With so many new technologies and techniques working their way into OR, one question is at the forefront – who pays? 

Who will pay for these innovations?

Healthcare is an expensive business. Between reimbursement rates, liability insurance, administration, and medical infrastructure, healthcare centers need a large amount of capital to stay in business (much less turn a profit).

Under the current fee-based care system, it can create incentives for healthcare providers, pharmaceutical companies, and medical device companies to prioritize profits instead of patients.

However, this system is not sustainable. That’s why there has been growing pressure to change how payors and providers are reimbursed for providing healthcare solutions.

Today, we all believe that new technologies are the ‘magic bullet’ needed to reduce the financial pressure on healthcare systems while, at the same time, enhancing patient outcomes.

But implementing new medical devices in healthcare systems is not easy – it requires time, money, clinical data, regulatory approval, and crucially, support from clinicians within the system.

Far too many early-stage healthcare technology companies assume that insurance will save their cash-incinerating business model when a CPT code is finally “approved.”

But without support from clinicians – and those working in the system – it’s almost impossible to gain mass adoption of new technologies that could make a meaningful impact.

It’s not enough to simply build cool technology. We must find a way to reward innovation and risk-taking in healthcare that encourages the adoption of practical – and cost-saving – ideas.

But what if there was a way to build a true innovation ecosystem of forward-thinking physicians, payors, providers… and investors who wish to participate?

That’s why West Coast Finance is committed to identifying the next generation of healthcare entrepreneurs who are building breakthrough technology that not only prioritizes better patient outcomes at lower costs…

But provides our nation’s dwindling supply of healthcare providers with the tools, training, and support they need to keep physicians in charge of healthcare… not rapacious private equity firms!

On July 19, 2023, we’re looking to do just that with the launch of our first ever summit – The Operating Room of the Future.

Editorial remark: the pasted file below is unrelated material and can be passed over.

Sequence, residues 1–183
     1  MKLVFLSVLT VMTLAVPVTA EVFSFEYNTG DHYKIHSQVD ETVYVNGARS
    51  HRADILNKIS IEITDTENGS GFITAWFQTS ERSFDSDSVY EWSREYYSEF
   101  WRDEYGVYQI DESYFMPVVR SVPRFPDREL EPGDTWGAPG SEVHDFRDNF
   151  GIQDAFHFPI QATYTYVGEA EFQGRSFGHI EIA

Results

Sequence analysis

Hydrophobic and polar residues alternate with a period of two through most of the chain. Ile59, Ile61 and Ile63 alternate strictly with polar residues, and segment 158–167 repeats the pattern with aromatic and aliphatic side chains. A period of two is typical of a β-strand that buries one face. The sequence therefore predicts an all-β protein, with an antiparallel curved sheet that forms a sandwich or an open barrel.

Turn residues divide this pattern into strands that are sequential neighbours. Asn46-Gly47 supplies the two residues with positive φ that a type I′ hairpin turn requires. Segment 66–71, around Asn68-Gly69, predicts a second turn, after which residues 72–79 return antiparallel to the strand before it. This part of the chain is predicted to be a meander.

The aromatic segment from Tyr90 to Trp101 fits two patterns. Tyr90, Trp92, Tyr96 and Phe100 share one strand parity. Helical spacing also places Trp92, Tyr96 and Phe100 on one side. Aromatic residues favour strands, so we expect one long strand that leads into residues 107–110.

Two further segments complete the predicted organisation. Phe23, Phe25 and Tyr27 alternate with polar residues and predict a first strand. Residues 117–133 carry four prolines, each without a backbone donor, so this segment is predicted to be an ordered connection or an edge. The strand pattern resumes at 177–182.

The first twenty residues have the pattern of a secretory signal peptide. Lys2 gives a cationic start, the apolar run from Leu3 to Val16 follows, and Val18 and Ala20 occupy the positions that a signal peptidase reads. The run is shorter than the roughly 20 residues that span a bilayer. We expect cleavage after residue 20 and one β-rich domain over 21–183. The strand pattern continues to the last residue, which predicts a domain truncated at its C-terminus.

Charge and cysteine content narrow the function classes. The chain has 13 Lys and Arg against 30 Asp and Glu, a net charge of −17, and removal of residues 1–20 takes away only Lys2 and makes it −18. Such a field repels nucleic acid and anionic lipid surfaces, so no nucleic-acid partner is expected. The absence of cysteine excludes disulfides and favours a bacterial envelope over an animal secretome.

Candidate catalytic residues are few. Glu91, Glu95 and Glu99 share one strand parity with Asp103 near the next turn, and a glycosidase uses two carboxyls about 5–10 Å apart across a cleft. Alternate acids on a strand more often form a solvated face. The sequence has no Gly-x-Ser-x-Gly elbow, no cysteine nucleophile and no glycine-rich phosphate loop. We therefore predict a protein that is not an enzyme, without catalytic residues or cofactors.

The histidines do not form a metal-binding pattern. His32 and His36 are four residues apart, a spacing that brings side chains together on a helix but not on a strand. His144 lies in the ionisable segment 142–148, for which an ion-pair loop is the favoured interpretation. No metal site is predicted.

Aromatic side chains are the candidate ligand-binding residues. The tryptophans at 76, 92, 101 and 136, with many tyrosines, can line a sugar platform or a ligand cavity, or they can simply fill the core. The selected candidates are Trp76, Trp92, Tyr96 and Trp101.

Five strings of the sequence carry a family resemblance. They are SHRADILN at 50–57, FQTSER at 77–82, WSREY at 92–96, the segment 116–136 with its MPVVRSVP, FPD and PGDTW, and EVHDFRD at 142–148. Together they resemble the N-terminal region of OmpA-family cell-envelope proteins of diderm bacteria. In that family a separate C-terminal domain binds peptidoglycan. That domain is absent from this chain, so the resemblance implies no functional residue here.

The purpose is simple: bring the best minds in healthcare together to discuss what really “moves the needle” for operating room costs.

Not only will you get the opportunity to see live demonstrations of some exciting new medical technology…

For investors interested in participating in these trends, you’ll learn how we at West Coast Finance think about the unique opportunities, risks, and financing needs of early-stage healthcare technology companies.















8:30 AM:  Check in and Coffee

9:00 AM:  The Big Idea in 3minutes: How to Invest in the NextGen Operating Room by Oren Klaff

Investing in healthcare is hard. In fact, its way harder than other investing for one simple reason – there are so many risk factors that have to right for things to work. And you probably don’t know how to do real technical due diligence, don’t know what’s happening with regulatory issues and hospital administration.

10:00 AM:   Real World Surgery Demo

Watch real surgeons execute a high-stakes surgery in front of you and see exactly where the new technologies are needed and know exactly what really needs investment capital, and what just sounds good but will never work in the real world.

12 Noon:  Lunch and networking

2:00 PM:  Panel conversation. How to underwrite med-tech technologies using the Hoffberg-Klaff model

3:OOPM:  Company presentations: Two companies will provide a deep dive in ‘how to actually bill, invoice, charge and make money in surgical environment without ever talking to a hospital administrator. “

5:00PM:  Mixer and break out rooms for access to presenting CE

9:00 AM: Coffee and Capital: Investment conversations with speakers and attendees

10:00 AM: Panel discussion: How to accurately stress test the revenue model of Medtech financial plans

11:00 AM: Jason Howe: Financial modeling for sale ramp in Medtech

12 Noon: Lunch and Breakout Rooms

2:00 PM: Conclusion

Today, we’re at a crossroads in the American healthcare system. As private equity firms continue to buy up all manners of healthcare centers, slowly but surely, physicians are losing control.

And as we continue to roll through the demographic time bomb, more people are living longer – and living sicker – than ever.

If private equity continues to take control of our nation’s healthcare, chances are, things are only going to get worse for patients and the physicians who seek to serve them.

Want to be part of the solution?

Apply below to RSVP for our upcoming event